How it’s going: An update on the Sexual Respect and Community Citizenship Initiative (deadline Mar. 13!)

Sunday, March 8, 2015

“Join the Conversation.”  This is what the Sexual Respect and Community Citizenship Initiative poster urges.  Hopefully you have seen it on College Walk or in buildings around campus. With a handful of days left before spring break—and the March 13 deadline for the Sexual Respect and Community Citizenship Initiative—I thought I would use this blog post to add to this conversation with some updates and thoughts about how the Initiative is going.

For starters, I want to remind you that the Sexual Respect Initiative is one part of a broader University-wide focus on what it means to be a member of the Columbia University community. A central aim of this particular initiative is to encourage learning, thought and action on the link between sexual respect and community membership here.

So far, student response—in workshops, the arts, and all other options has been impressive and inspiring. Thousands of students across the University have attended workshops, trainings, and film screenings through student organizations, academic departments, and sessions listed on CourseWorks, with many more to come this week.

More than 200 submissions have come in through the Arts Option, which invites students to creatively express their understanding of “sexual respect” in the context of Columbia. The submissions are quite extraordinary –thought-provoking poetry, prose, visual art, plays, video, and more, accompanied by deeply thoughtful statements about what motivates or underlies the work.

We see the same in the serious thought and care given to reflections submitted as part of the “video and reflection” option. I just finished reading a large set of de-identified reflections and am impressed, again, by the profound ways in which so many students are considering the role of sexual respect in their own lives at Columbia. In the coming weeks, we will post faculty members’ responses to these reflections as another part of continuing this conversation.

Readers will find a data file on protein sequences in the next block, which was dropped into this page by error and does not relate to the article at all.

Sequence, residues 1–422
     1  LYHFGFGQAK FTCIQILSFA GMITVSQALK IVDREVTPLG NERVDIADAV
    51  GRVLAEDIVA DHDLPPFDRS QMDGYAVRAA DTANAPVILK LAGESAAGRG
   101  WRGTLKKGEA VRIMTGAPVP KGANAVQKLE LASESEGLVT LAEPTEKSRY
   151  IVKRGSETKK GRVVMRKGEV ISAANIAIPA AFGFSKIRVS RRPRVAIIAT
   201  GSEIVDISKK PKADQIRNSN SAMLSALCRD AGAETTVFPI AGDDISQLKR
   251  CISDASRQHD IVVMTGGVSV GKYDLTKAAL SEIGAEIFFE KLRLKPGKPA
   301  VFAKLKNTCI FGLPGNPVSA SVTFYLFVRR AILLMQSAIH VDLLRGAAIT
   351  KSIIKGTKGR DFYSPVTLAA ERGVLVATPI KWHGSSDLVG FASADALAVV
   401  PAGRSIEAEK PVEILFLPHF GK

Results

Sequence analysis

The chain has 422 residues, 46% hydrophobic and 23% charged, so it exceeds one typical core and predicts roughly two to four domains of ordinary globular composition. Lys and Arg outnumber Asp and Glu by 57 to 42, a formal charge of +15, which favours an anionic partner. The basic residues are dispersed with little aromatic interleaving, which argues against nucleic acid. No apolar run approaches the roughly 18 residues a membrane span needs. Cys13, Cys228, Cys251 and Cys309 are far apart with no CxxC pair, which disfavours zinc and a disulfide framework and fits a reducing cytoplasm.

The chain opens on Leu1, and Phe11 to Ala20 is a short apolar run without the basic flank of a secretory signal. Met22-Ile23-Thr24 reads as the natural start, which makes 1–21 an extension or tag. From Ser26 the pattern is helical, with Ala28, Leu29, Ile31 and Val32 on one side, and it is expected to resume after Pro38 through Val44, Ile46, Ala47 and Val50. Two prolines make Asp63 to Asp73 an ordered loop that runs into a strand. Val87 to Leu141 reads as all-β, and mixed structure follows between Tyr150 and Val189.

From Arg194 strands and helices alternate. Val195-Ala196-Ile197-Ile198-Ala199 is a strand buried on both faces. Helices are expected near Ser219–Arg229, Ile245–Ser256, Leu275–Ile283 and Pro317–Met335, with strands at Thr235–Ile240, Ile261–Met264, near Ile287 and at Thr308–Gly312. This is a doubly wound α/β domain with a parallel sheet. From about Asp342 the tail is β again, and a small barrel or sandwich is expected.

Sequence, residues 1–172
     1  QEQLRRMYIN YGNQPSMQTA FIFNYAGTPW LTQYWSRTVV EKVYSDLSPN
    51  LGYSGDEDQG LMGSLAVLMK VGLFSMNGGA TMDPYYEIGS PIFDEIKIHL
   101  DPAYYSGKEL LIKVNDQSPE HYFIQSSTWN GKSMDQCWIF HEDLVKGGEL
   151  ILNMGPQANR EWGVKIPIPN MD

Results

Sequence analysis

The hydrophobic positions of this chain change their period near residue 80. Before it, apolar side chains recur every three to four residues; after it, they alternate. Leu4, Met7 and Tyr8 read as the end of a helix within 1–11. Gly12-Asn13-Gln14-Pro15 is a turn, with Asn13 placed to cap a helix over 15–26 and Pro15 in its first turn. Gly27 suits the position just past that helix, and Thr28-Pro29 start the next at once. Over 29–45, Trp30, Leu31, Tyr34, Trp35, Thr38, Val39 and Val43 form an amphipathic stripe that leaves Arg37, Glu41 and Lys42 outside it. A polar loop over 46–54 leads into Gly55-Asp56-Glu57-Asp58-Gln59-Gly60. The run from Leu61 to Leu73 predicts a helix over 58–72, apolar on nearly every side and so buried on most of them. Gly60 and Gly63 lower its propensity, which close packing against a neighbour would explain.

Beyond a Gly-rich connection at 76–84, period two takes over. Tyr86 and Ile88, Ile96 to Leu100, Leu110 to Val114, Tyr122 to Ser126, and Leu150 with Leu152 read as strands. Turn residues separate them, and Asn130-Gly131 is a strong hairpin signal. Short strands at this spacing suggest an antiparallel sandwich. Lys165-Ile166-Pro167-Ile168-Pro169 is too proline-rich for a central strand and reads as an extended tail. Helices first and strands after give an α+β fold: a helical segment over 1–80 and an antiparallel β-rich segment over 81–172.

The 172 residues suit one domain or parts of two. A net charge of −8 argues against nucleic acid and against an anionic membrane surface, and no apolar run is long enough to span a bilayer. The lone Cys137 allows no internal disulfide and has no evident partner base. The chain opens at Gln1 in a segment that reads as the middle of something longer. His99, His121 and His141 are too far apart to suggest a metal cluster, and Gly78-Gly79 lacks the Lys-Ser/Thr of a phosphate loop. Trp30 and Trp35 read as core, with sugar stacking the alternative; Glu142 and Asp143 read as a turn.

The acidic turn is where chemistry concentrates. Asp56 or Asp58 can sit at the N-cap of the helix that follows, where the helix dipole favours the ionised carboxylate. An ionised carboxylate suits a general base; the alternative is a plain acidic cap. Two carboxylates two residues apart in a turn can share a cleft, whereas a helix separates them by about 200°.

For some students, complaints about the initiative have been the path to engagement, prompting important conversations about what sexual respect has to do with community citizenship at all.

Many students have told me, and shared with other faculty members too, that they went into workshops or watched videos thinking this was just something to get through.  Yet whether it was facts presented in a workshop, anecdotes in a TED Talk, or examples of bystander intervention in a "Step Up" training or the "Who Are You?" video, something shifted and they became more personally invested in helping create a culture of prevention.   

Dissent, at its best, is yet another path to engagement. For me, it is especially exciting to see dissent inspire creation, as has happened repeatedly though students proposing ideas for new workshops, becoming trained as facilitators, and creating new forms of art that might be used to educate and engage others.

The Initiative provides many additional ways for students to weigh in, add suggestions, and make recommendations. Every student receives an evaluation survey after completing the “affirmation of participation” on CourseWorks, and the Sexual Respect website invites your narrative comments.

Hundreds of evaluations have already come in, and these will be used, along with research on learning theory, sexual violence prevention and more, to develop future programming. Wonderfully, too, many students have indicated that they want to become more involved; if you are interested, please share your contact information on the otherwise anonymous evaluation form.

I could go on, but in the interest of time, I will close by referring back to this Initiative’s core principle:

This initiative focuses on the ways in which an ethic of sexual respect is integral to University community membership. The programming and public conversations place the University's core commitment to mutual respect alongside other bedrock University commitments, including intellectual exchange and ethical leadership. Through your engagement, both in thought and action, we can create a community and campus in which all can participate freely and fully in the robust, pluralistic life of this great University.

I look forward to your participation.

 

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